Chris BishopBy Chris Bishop|September 28, 2022|7 Minutes|In Billionaire Tomorrow

Billionaire Tomorrow

Entrepreneur trader in Africa? Get yourself a laptop and $10,000

Entrepreneurs of Africa! You too can become a risk-taking dealer in markets around the world from your kitchen table. So says Kenyan Aly-Khan Satchu - one of the giants of the African bourses who worked his way up through the markets from a humble printer in the financial heart of the City of London.

Aly-Khan Satchu is a breezy, likable, investor who has worked through the world of high finance from the City of London to the City of Nairobi with complex trades numbering tens of thousands of trades that made his fortune. Yet he is always ready to break his trade down for the layman; in many ways, that is his strength.

Satchu sees Africa as a land of opportunity for the rising tide of young entrepreneurs in their late teens. For many young Africans, it is easier to imagine going to the moon than dealing profitably in bonds and shares.

“At that age group you need 10,000 bucks,” he says.

“You need a fast internet connection, you need a laptop and a thirst for knowledge because we are existing in a 24-hour world. You will need relationships; you have to set yourself up with a stockbroker. You have to set up with a Forex broker you can do that online in 25, to 30 minutes. You have to have an insatiable appetite for knowledge and analysis.”

These are the basics, he says, cautioning that the success rate for newcomers is not high.

“Then you’ve got to work out where you want to focus on. Sometimes, in my case, I look at too many things and I can get overloaded. Sometimes I am looking at the oil price,  the copper prices, and 400 other things and it means you can miss the opportunities that unfold,” he says.

“Then you have to have good risk management skills, right, you don’t want to bet the whole 10,000 on an outcome about which you feel very confident. The market tends to find your pain points very easily.”

Education or age – do they pose any obstacles?

“I think the education we are talking about; you don’t necessarily learn in a textbook. The market is on a street you have got to learn how to operate on the street. Sometimes there is a mugger waiting around the corner; other times you will hit the sweet spot and you will feel like you are driving a Lamborghini down the street and your $10,000 can become $150,000 before you know it. You have got to be humble, I think because when you get too cocky that is when the problems start.”

Satchu, who studied law at Durham University, has been through the mill in the markets over the last three decades and certainly held the word humble close to his heart when he started out in the financial world in the heart of the City of London.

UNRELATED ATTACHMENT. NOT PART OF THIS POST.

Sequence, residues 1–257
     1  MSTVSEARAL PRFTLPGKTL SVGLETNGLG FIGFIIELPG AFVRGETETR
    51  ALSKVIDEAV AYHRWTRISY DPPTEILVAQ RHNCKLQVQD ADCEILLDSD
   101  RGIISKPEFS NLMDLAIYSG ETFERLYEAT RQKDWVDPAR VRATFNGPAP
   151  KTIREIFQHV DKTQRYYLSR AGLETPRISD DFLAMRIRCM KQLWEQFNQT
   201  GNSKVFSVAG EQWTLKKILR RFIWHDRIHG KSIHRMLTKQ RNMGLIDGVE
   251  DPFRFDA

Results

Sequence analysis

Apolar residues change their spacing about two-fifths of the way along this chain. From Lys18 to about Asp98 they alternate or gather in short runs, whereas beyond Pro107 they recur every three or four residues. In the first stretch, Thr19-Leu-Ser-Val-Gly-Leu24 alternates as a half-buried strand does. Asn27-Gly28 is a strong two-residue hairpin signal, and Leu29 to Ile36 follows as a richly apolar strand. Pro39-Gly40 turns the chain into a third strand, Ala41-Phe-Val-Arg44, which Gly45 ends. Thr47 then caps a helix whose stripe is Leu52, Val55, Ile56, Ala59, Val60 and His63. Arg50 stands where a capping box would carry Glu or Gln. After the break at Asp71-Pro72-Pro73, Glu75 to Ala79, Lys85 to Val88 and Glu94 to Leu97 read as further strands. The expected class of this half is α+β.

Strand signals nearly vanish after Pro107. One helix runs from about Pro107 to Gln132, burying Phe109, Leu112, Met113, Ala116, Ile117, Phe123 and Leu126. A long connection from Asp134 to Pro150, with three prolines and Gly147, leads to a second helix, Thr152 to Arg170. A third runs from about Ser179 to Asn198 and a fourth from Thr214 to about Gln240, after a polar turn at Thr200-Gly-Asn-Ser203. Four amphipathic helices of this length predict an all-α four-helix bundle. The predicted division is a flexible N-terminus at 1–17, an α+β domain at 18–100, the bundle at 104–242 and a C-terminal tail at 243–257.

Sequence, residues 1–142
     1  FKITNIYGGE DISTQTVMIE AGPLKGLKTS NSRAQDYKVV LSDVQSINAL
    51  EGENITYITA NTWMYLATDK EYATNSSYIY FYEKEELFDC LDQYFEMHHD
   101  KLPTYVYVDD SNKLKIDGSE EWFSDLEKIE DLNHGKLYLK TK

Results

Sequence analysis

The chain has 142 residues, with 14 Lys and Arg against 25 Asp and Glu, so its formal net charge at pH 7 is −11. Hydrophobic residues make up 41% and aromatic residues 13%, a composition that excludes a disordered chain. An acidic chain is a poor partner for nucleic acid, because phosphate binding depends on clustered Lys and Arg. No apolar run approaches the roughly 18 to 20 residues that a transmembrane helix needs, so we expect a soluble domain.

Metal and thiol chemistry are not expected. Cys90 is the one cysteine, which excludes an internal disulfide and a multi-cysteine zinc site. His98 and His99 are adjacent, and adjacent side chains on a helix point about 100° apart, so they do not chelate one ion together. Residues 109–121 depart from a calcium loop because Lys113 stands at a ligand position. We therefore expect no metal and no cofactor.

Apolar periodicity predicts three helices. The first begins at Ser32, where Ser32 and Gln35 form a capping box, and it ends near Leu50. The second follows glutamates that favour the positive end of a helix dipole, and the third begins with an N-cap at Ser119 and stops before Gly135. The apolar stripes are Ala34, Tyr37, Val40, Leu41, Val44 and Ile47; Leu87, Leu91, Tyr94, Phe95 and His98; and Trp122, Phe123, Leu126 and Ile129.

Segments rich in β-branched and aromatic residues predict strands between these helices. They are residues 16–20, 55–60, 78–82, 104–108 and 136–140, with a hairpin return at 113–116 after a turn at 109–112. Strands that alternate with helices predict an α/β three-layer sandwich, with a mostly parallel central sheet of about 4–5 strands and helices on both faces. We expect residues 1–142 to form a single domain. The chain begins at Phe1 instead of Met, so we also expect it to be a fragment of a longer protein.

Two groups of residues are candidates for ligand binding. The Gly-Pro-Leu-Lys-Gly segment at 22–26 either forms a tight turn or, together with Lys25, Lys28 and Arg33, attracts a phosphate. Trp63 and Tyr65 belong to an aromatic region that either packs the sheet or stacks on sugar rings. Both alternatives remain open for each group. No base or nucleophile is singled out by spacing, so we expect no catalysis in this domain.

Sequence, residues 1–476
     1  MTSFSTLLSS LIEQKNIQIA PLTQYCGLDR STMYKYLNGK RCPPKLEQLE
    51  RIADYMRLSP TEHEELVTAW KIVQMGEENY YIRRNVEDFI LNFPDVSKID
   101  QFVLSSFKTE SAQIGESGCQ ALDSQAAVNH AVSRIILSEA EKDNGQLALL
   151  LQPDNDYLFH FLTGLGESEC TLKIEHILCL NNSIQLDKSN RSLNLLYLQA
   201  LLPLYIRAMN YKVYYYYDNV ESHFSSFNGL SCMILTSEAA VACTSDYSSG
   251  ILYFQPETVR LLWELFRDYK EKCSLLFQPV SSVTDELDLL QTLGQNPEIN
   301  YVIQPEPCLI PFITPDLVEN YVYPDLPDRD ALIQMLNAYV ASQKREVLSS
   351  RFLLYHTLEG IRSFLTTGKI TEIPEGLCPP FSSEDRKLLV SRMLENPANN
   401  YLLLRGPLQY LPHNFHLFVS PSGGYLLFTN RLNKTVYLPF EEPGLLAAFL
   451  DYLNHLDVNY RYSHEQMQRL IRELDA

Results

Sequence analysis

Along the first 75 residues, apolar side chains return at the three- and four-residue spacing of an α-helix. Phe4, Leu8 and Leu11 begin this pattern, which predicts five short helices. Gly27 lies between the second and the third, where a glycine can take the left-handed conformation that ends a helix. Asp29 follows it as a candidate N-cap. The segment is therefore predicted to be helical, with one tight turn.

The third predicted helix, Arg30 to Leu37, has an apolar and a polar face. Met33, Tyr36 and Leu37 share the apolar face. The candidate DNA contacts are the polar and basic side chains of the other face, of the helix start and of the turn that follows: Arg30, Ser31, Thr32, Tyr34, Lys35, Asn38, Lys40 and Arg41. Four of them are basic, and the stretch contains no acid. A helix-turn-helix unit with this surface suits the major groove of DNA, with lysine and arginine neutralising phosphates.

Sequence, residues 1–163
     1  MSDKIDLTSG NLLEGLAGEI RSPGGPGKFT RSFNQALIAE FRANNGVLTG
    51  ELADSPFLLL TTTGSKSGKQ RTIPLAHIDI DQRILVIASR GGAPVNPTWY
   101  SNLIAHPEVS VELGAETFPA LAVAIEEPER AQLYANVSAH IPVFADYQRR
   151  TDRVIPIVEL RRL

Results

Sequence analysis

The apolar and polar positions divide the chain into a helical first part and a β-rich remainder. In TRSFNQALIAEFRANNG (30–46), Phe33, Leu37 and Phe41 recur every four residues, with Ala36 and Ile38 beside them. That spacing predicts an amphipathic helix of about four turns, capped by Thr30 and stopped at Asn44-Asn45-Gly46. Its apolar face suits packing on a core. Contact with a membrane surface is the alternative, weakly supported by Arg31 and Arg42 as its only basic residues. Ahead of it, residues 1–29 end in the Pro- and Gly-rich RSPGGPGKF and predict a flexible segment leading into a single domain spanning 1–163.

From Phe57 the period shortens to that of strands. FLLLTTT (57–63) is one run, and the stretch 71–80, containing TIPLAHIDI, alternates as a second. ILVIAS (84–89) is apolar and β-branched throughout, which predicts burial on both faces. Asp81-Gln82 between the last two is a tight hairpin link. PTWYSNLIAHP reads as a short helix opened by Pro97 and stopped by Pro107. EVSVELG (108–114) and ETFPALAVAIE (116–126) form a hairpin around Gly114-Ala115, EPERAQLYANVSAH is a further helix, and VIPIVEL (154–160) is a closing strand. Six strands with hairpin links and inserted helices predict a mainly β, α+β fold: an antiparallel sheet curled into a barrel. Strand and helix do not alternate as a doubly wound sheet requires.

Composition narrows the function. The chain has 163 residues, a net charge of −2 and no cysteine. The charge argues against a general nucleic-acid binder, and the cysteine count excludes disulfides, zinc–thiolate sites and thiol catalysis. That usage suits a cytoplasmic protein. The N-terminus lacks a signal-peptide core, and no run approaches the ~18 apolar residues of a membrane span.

The good news it was with Credit Suisse, one of the biggest names in world finance; the drawback was it the bad news was it was the lowliest job at the company – manning the printer to print out the documentation for trades by the dealers. He struggled to master printing up to 1200 trades-a-day..

“I come from a very privileged background,” says the son of a lawyer who went to the prestigious Westminster School in London.

“I had never dealt with the mechanics of printers…I just remember having to wrestle with this printer that would break down or start chewing up paper. Then there was this very sharp lady who was in charge and she used to shout at me: ‘You are educated, you have a law degree and yet you can’t manage a printer!”

Yet, after an 18-month apprenticeship as the printer,  providence proved kind to Satchu in his early days in London and he moved up to settling the trades and dealing closely with one of the teams trained with the Nikkei in Japan.

The team, where Satchu cut his trading teeth, was dealing in arbitrage between the Nikkei futures and the value of the index.In short, looking for price gaps to take advantage of.

“I wanted to get on the trading floor and they said they had a slot here. I started trading in the middle area called stop lending and borrowing, which is a middle office type function where you go and source bonds and shares that people are shorting for periods of time so they can settle their trades.

This was joined to the Repo Desk that concentrates on interest rate trading A good Repo Desk would have made a ton of money this year, says Satchu,  through the sharp increases in interest rates by borrowing money and lending collateral throughout the year.

His big break near the end of the 1990s, when he was charged with setting up a Repo desk for emerging markets. It involved lucrative trades like lending Argentina $300 million – against the country’s bonds –  to make its social security payments.

“It was a very exciting period. I took it from zero to a $2.5 billion book paying two percent,” he says.

It was the making of Satchu. Read part two of the story next week of how he brought his trading acumen back to Africa and find out where he sees the opportunities on the continent.